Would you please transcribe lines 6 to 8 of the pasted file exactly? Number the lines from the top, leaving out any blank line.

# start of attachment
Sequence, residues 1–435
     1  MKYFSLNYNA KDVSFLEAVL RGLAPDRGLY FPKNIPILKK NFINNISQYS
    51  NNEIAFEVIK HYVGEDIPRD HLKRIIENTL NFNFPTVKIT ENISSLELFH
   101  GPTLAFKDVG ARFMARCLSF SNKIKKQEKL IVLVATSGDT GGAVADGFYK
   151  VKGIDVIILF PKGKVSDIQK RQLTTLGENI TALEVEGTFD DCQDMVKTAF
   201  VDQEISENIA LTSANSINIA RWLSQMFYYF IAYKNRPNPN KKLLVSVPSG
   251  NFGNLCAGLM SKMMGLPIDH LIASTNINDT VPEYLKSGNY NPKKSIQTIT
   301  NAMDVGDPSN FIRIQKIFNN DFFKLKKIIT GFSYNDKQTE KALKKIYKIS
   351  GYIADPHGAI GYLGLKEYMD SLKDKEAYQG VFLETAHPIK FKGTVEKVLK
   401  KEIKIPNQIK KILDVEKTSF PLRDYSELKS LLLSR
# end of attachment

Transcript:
   201  VDQEISENIA LTSANSINIA RWLSQMFYYF IAYKNRPNPN KKLLVSVPSG
   251  NFGNLCAGLM SKMMGLPIDH LIASTNINDT VPEYLKSGNY NPKKSIQTIT
   301  NAMDVGDPSN FIRIQKIFNN DFFKLKKIIT GFSYNDKQTE KALKKIYKIS